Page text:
Ultimately we may disagree as to whether greed or some other bad traits are the causes of something we both believe is bad. Some acts appear to me to be mostly or exclusively motivated by greed. It appears more things appear to be motivated by greed to you than to me. Let’s sort out our possible disagreements about greed.
    We agree that greed is unilateral. A person either has an “excessive desire” (he or she is greedy) or a low, medium, or high but not “excessive desire” (he or she is not greedy).

    I too assume that a person who sees a tray of cookies and takes them all with hungry people behind in line is motivated by greed.

    Unlike you, however, I believe that the statement, “I impose conditions or prices on you unilaterally because I can,” may or may not be motivated by greed. For example, the person described in my blog who was unwilling to sell her car for less than what it was worth was “imposing” a price on a needy person – just because she could. She may be greedy, but that is impossible to tell just by looking at the fact that she was unwilling to give away some of the value of something she owned (by selling the car at a price less than the car’s value). In fact, she might be a person who gives a substantially higher than average percentage of her wealth to charity, i.e., by definition, “not greedy.”

    I do not see how greed has anything to do with whether a person’s transactions are one-on-one or one-on-many. Selling one’s possession at prices less than what the possessions are worth are acts of charity regardless of the number of buyers.

    You say, “Having a lifesaving product that is unique, costs pennies to manufacture, selling it for a thousand dollars so you can pay yourself millions of dollars, that is greed.” Let’s test the general theory underlying this statement. What if, while digging in your backyard, you happen upon an old treasure chest of gold coins? Say that you discover with a little research that the coins are worth thousands of dollars. You decide to dig around to see if there are any more buried coins and find millions of dollars’ worth of coins. Say that the value of your effort was “pennies” per coin. Would you necessarily be greedy if you sold all of the coins for what they were worth? If you believe so, would your assessment of yourself be different if you sold the coins and gave the proceeds to charity? My point is, one cannot assess from afar the level of greed involved based on the facts you presented.
    The scenario you presented is similar to what the new owners of Mylan (the maker of the EpiPen) did. (For simplicity, I’ll refer to Mylan as “EpiPen.”] The EpiPen is an epinephrine autoinjection device that costs “pennies to manufacture.” Prior to the purchase, the company had been selling the devices at a price well below that at which the company’s revenue could be maximized; that is, the former owners were being charitable.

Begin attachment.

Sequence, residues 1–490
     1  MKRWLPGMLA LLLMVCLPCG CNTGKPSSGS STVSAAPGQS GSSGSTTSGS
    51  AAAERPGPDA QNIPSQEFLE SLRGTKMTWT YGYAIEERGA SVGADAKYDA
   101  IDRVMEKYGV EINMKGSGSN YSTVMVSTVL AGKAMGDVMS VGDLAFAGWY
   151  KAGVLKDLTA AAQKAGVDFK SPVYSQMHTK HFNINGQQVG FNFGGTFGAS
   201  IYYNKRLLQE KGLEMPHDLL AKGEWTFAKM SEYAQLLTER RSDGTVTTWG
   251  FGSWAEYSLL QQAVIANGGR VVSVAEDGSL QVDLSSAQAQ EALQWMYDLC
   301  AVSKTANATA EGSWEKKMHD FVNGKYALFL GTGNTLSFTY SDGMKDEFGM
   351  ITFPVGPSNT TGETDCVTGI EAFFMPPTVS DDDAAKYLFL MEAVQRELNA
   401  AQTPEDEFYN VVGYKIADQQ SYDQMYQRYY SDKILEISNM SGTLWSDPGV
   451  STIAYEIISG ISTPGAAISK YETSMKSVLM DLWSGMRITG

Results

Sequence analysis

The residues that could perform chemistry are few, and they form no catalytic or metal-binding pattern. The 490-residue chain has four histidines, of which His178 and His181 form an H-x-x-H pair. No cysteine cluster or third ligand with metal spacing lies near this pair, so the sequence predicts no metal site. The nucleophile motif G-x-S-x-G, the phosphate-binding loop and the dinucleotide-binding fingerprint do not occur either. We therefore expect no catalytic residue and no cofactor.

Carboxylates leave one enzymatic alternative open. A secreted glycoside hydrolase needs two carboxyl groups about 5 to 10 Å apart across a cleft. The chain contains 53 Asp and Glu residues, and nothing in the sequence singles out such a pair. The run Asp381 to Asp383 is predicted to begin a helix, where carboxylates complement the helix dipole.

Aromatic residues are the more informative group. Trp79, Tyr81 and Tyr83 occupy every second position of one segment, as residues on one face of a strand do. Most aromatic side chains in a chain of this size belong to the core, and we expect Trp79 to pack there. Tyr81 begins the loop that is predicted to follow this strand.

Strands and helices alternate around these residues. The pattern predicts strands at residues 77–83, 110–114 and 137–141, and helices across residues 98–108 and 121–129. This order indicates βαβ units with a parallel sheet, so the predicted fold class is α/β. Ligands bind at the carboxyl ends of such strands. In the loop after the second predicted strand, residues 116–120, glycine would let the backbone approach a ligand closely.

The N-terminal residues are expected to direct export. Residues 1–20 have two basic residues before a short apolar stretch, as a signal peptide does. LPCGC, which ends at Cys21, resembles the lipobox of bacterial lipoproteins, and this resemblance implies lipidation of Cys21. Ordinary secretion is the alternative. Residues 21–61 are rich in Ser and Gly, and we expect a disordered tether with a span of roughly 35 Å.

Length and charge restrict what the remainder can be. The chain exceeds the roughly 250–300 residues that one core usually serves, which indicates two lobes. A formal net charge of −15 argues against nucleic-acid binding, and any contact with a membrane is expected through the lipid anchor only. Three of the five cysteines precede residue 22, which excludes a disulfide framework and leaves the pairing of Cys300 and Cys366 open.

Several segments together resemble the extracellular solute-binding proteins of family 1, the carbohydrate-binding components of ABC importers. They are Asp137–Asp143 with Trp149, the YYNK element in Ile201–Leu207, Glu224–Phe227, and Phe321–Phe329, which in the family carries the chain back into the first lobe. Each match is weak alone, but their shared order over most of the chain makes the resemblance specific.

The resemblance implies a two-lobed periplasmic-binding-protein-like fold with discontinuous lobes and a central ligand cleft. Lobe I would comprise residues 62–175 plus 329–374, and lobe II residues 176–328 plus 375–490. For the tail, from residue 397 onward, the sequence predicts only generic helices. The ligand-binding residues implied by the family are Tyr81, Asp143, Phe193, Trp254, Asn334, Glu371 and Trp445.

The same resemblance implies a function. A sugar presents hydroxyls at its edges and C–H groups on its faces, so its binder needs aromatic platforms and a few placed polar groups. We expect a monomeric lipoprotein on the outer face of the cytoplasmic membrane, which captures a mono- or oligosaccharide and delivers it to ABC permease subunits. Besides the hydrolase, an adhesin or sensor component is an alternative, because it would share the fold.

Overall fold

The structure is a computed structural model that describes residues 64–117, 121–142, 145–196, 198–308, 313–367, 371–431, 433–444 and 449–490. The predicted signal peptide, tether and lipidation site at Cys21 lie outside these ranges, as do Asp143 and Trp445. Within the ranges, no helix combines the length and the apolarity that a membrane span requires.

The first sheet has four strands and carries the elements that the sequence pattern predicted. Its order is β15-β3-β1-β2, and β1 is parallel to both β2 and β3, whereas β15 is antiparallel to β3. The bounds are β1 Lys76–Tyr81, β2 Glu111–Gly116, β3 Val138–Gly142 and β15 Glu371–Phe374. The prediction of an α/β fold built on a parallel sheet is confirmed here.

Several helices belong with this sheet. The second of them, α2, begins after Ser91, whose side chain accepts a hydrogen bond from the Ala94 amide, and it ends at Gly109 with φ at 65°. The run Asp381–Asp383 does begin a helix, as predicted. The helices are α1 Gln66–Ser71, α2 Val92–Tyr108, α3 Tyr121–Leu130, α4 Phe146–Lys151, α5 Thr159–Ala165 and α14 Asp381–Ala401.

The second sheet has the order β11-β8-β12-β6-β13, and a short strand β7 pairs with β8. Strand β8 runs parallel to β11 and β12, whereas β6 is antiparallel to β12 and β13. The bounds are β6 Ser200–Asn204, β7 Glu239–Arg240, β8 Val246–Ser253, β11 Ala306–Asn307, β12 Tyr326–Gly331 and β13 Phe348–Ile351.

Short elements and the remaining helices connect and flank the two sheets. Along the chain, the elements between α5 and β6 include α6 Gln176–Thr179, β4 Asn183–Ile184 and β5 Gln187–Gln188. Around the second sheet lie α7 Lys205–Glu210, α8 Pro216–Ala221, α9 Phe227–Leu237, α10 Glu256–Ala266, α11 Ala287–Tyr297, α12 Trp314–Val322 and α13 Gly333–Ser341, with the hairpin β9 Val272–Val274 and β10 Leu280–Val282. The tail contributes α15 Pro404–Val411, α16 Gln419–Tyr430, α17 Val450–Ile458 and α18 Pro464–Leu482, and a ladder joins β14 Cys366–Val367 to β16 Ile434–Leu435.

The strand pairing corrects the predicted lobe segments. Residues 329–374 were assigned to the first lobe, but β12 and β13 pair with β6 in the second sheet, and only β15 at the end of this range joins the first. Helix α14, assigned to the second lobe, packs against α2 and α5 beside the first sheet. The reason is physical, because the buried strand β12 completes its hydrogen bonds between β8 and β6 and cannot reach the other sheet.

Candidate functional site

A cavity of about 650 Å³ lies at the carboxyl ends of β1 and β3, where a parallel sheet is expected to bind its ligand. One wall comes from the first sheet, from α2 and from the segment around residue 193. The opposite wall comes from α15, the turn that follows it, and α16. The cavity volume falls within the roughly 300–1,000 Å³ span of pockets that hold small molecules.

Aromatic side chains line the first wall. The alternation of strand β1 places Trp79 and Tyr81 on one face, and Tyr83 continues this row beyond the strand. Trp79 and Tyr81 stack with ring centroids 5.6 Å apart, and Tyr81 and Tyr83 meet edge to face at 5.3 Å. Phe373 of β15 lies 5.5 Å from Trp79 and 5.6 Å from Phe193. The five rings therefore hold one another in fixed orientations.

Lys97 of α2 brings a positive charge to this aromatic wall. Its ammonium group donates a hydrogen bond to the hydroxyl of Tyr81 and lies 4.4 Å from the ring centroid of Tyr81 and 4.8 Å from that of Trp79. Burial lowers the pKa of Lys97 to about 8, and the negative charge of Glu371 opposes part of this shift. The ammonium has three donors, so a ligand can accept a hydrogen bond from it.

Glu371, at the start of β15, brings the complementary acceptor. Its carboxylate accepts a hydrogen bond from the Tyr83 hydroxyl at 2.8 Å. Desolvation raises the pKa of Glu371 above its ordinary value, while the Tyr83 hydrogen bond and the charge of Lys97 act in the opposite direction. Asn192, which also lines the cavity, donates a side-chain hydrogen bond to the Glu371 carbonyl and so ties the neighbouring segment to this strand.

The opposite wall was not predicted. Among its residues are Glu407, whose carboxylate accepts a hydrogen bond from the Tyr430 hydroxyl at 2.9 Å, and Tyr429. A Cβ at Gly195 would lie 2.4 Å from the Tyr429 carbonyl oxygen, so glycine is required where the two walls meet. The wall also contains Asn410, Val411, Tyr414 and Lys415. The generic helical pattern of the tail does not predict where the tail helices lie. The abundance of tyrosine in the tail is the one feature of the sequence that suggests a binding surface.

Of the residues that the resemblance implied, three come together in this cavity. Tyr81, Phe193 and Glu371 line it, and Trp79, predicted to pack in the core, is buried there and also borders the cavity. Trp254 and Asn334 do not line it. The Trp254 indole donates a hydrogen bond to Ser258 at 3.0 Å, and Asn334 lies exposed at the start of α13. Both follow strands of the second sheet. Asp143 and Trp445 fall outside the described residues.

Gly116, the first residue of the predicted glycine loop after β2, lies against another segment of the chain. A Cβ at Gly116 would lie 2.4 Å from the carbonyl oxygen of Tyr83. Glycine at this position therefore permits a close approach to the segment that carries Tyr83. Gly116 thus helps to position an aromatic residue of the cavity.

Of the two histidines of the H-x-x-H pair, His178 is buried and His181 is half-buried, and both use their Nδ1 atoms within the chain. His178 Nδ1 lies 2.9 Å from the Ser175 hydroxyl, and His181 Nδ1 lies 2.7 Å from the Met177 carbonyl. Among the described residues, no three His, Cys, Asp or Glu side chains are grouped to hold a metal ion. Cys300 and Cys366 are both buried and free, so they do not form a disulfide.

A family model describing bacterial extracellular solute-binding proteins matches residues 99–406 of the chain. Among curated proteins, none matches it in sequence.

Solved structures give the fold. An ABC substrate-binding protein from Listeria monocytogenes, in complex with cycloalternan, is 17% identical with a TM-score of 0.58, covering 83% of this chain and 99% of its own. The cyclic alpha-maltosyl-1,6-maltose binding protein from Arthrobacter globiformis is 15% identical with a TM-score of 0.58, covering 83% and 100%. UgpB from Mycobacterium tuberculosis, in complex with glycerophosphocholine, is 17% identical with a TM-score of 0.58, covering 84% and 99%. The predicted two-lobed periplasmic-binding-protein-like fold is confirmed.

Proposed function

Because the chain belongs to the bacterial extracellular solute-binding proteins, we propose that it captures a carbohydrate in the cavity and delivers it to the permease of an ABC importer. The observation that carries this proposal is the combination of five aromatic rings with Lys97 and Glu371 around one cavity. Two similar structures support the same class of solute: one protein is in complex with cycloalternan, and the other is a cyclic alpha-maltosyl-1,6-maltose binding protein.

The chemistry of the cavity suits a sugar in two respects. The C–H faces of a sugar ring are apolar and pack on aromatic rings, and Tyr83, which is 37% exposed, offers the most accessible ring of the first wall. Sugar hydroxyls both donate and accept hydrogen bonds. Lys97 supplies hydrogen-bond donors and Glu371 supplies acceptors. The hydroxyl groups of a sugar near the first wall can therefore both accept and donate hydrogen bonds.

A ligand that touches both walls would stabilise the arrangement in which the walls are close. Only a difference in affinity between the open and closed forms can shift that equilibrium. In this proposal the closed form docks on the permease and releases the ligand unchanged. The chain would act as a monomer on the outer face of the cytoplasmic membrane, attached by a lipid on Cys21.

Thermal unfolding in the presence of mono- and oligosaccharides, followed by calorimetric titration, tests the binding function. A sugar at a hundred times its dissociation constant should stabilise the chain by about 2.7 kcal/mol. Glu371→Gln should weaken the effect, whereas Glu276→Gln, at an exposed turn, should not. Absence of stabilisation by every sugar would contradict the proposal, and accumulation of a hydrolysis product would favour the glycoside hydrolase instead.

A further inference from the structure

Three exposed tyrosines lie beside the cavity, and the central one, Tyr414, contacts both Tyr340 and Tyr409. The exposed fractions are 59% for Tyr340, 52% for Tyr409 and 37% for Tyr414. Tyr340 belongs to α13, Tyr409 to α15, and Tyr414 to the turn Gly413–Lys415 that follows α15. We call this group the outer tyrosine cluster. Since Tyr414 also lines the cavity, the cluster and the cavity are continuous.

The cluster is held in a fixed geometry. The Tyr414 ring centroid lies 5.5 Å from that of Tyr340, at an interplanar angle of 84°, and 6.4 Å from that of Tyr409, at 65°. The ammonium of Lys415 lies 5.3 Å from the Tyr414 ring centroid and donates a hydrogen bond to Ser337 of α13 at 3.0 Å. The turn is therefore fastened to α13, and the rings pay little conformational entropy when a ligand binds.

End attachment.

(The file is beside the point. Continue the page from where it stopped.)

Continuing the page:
Why is selling at an unnecessarily low price charitable? The goal of most companies is to maximize the difference between the company’s costs and the company’s revenues (which equals profit). Revenue is the price per unit times the quantity of units sold. A law of economics is that, as a firm raises the unit sales price of a good or service, the company’s revenue will increase and the quantity of units sold will decrease – up to a limit. That limit is reached when the price is so high that raising the price further would result in enough fewer units sold that total revenue would decrease. That peak price is called “the optimal price.” It is just normal business (not excessive/greedy) for companies to try to price their units at the optimal price. If a company intentionally sets a price below the optimal price (and this is not done to promote the company’s business), it is foregoing profits for the benefit of its customers. Giving up or foregoing things that are rightfully yours for the benefit of others is the essence of charity.

    THE FOLLOWING IS MY OPINION BASED ON MY REVIEW OF EVIDENCE ABOUT EPIPEN:

    EpiPen has tried to price its product at the optimal price – just like almost all other companies. EpiPen’s pricing is nevertheless evil. This is because there is a big difference between EpiPen and most companies. Unlike most companies, EpiPen is not selling something that rightfully belonged to EpiPen. What EpiPen has done is truly disgusting. I would not object to anyone calling the owners greedy or evil.

    The evil in the EpiPen story is that EpiPen has used its political connections to cause the FDA to effectively grant the company monopoly power over epinephrine autoinjection devices in the U.S. If it were not for the protection and promotion of EpiPen by the FDA, EpiPen would not be able to charge exorbitant prices. Stated differently, if EpiPen operated in a free competitive market (rather than the market it has essentially cornered with the help of the FDA), it would have no ability to charge exorbitant prices.